The scholars who have undertaken to contribute to this volume are all committed to recognizing the seminal contributions of Langston Hughes to the American, Afro-American, and world literary traditions. Their work in this volume helps to keep the name and work of Langston Hughes alive and before the critics, students, and readers who will establish the literary canons of the future. To James de Jongh, Dolan Hubbard, Joyce A. Joyce, R. Baxter Miller, and James Smethurst I offer my sincerest thanks for their participation in this project.
No one who discusses the work of Langston Hughes can afford to do so without recourse to the important and inspiring work of Arnold Rampersad, whose scholarship laid and continues to lay the groundwork for what we as Hughes scholars produce. When I write of Hughes, it is generally with some work of Professor Rampersad's by my side for background, verification, consultation, and insight. It is also important to acknowledge the important work of the critics Donald Dickinson, James Emanuel, Onwuchekwa Jemie, Therman B. O'Daniel, and Jean Wagner, as well as the contributions of Patricia Willis, at the Beinecke Library, and Emery Wimbish, at Lincoln University.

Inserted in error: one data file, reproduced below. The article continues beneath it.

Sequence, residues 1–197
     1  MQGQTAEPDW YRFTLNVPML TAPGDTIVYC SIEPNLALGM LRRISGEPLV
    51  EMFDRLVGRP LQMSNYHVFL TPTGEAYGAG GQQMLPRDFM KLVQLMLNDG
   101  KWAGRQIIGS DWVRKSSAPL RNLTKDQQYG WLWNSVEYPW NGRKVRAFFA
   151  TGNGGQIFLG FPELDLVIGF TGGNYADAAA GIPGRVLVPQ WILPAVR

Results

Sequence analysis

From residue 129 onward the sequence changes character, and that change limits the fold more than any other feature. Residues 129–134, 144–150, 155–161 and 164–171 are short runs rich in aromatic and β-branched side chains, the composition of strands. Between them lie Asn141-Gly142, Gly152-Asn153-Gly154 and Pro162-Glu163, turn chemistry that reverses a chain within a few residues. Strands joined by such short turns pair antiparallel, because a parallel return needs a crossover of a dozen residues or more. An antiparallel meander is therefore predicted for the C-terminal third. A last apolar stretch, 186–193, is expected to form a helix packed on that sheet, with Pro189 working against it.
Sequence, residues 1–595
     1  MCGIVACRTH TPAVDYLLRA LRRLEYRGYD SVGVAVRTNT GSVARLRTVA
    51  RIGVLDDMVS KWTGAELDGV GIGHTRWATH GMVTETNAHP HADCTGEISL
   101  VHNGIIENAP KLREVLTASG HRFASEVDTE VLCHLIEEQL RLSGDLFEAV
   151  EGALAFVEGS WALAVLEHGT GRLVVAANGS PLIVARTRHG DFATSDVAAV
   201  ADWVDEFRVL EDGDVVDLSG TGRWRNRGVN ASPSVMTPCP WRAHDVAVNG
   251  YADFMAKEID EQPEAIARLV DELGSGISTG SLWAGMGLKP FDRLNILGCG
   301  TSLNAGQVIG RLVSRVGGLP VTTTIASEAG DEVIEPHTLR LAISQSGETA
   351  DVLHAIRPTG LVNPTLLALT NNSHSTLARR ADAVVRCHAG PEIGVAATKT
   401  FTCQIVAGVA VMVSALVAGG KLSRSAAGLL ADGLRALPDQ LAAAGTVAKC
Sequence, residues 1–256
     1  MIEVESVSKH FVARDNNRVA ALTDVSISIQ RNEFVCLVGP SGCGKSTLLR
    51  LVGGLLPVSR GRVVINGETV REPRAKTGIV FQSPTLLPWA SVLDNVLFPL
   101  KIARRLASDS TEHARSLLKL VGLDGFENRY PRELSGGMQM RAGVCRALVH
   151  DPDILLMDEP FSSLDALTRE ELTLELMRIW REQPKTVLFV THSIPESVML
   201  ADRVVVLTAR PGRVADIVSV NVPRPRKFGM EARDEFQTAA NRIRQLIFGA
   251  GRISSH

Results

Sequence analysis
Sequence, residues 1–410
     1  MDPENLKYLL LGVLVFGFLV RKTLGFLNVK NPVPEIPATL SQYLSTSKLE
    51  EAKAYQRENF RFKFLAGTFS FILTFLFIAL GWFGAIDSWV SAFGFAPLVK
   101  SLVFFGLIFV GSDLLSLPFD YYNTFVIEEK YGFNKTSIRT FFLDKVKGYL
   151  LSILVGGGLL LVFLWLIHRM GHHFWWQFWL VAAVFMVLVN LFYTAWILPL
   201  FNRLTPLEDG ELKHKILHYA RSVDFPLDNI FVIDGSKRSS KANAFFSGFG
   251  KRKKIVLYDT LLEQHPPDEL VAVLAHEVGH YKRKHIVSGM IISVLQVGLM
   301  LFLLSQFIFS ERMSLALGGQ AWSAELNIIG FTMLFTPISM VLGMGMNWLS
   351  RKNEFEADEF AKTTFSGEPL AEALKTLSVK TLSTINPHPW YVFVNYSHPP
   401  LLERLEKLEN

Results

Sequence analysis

Personally, my introduction to the serious study of Langston Hughes came at the instruction of Angelene Jamison-Hall,